Thomas Sowell

MANY PEOPLE were amazed when Governor George W. Bush proposed reforming Social Security because Social Security was considered to be "the third rail" of American politics. But Social Security has now reached the point where it is going to give us all a big jolt if we fail to touch it. The money just isn't there to pay all the pensions when the huge baby boomer generation starts retiring.

You might think that this would reflect badly on those who set up this system in a way that allowed generations of Democrats in control of Congress to keep adding to the goodies provided by Social Security, without putting enough money into the system to pay for those goodies. That was a real "risky scheme," to use Al Gore's favorite pat phrase.

But, so long as Republicans stood around twiddling their thumbs, afraid of touching the political third rail, Democrats were able to ignore the risks of a system that is literally trillions of dollars short of covering all the promises they have made. Now Al Gore and his fellow Democrats have the nerve to claim that it is "risky" to change a system that is doomed to default if nobody changes it.

Privatizing Social Security is not some untested new idea. Among the countries that have already done it are Australia, Chile, Poland, Sweden, Hungary and Argentina. But will the Democrats or the liberal media tell us that? And are the Republicans capable of articulating the issue?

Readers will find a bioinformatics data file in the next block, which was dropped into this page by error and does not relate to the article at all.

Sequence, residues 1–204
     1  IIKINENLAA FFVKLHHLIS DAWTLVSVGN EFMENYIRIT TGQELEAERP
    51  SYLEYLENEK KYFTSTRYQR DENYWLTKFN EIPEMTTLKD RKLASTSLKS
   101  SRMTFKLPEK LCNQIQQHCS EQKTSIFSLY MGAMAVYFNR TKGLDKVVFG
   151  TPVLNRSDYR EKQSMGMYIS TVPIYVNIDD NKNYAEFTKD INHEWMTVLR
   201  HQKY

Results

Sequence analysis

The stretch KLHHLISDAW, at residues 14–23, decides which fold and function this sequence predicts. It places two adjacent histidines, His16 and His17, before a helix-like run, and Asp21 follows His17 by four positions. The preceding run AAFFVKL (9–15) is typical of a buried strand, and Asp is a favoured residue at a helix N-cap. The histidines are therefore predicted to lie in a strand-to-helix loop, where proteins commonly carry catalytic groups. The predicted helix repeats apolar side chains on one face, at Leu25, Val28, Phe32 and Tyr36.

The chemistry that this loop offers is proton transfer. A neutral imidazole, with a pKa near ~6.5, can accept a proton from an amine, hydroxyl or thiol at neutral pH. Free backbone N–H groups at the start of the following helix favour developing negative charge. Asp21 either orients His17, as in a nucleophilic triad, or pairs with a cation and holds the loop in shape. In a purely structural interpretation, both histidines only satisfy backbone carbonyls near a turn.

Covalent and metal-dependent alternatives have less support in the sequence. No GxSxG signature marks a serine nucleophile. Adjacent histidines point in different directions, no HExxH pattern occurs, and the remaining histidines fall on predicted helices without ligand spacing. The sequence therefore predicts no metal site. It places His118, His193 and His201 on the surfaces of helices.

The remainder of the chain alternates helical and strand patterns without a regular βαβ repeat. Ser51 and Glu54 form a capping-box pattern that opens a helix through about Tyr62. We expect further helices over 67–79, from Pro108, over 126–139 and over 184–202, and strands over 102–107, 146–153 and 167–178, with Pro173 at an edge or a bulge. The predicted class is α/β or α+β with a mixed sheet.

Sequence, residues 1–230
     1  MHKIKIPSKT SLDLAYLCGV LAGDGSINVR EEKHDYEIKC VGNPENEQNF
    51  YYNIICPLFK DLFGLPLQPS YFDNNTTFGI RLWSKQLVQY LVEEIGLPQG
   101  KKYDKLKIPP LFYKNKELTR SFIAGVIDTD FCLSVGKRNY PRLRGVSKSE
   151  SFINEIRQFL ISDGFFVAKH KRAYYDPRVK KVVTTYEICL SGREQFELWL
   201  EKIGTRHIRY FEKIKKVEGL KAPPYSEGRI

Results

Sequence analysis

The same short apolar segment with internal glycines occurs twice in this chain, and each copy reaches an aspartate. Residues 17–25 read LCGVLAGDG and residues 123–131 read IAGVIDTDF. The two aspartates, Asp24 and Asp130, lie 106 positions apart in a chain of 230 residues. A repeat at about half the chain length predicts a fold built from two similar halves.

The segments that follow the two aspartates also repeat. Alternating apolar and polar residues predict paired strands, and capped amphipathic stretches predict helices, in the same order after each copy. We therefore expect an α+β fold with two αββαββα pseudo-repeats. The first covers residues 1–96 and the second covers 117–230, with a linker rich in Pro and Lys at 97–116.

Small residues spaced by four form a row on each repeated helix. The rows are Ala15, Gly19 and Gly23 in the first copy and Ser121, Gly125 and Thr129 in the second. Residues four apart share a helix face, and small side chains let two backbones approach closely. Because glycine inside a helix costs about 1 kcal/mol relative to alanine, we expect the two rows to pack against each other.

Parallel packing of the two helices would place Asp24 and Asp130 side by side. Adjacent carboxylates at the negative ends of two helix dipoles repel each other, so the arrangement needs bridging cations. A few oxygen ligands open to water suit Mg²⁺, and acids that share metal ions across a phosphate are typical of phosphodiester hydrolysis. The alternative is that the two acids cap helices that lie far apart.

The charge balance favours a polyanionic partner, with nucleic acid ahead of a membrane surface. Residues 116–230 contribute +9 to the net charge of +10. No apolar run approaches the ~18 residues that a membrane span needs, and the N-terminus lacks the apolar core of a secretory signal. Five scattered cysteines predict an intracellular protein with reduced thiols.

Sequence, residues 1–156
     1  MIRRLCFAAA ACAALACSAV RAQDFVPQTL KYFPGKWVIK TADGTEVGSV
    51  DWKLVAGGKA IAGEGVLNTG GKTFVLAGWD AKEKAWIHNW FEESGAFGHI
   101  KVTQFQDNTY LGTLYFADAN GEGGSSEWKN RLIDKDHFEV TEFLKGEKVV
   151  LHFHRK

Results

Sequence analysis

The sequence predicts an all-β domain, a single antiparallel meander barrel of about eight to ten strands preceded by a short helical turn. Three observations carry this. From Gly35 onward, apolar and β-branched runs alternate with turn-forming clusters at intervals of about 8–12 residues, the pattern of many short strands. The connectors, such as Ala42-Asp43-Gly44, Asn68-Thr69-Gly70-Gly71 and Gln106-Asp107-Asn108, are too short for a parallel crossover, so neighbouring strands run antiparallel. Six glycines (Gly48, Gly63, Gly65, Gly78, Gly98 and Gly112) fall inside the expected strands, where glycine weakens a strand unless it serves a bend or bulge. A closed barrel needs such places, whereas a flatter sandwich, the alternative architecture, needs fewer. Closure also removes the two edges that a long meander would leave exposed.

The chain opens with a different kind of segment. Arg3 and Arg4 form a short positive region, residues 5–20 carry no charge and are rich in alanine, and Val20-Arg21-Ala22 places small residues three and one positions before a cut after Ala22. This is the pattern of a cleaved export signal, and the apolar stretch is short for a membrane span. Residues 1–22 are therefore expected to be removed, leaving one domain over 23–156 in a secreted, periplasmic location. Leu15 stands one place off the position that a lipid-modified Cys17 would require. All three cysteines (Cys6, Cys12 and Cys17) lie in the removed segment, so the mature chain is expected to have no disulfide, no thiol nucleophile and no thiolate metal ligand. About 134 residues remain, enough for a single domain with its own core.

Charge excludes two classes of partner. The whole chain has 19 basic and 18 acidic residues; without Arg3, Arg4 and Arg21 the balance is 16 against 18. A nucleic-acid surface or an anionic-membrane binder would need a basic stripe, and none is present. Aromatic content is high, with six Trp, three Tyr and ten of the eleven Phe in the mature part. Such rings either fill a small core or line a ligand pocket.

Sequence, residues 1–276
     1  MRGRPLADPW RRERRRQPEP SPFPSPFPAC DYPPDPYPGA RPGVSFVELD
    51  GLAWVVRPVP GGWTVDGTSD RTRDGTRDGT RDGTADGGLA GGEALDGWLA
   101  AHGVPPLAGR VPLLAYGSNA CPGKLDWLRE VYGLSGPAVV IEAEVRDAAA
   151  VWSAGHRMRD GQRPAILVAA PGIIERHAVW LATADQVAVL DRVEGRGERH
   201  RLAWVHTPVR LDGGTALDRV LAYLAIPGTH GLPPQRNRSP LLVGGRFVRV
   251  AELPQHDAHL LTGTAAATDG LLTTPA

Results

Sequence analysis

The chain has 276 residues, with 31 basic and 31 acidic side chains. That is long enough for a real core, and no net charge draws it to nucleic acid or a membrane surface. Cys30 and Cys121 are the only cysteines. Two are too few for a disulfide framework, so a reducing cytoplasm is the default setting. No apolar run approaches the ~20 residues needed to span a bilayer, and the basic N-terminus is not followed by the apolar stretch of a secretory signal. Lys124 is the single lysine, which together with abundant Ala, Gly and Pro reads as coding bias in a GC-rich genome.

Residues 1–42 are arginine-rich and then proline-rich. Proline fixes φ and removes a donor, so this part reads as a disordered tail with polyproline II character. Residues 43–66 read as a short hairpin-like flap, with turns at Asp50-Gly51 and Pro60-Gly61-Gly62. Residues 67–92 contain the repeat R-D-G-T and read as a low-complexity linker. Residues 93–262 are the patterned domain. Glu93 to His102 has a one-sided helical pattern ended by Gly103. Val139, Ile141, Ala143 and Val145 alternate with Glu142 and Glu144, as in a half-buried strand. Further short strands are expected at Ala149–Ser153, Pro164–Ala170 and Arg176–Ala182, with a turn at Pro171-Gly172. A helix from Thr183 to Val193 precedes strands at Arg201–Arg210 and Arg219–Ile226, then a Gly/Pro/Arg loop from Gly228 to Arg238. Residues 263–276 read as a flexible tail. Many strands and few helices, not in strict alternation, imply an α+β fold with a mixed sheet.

The crucial distinction between Social Security as it stands now and a reformed system that would allow younger people to put some of their retirement money into the private sector is that the private sector uses that money to add to the total real wealth of the country, by building things and manufacturing products. As it stands today, Social Security does not add one dime to the country's real wealth.

The Social Security money that comes into Washington from our paychecks gets spent, not invested, despite creative accounting to the contrary. When the politicians spend the money, they give the Social Security "trust fund" I.O.U.'s in the form of government bonds. But this paper transaction changes nothing, except for creating the illusion that something is being saved when it isn't. You can't spend money and save it at the same time -- no matter how creative your accounting may be.

Future taxpayers are going to have to pay off the government bonds that have been issued to the Social Security system in exchange for the money that was spent. If no such bonds had ever been issued when that money was spent, we would still have to depend on future taxpayers to come up with the money for the baby boomers' retirement. The bonds in the "trust fund" change nothing economically.


Thomas Sowell

Thomas Sowell is a senior fellow at the Hoover Institute and author of The Housing Boom and Bust.

Creators Syndicate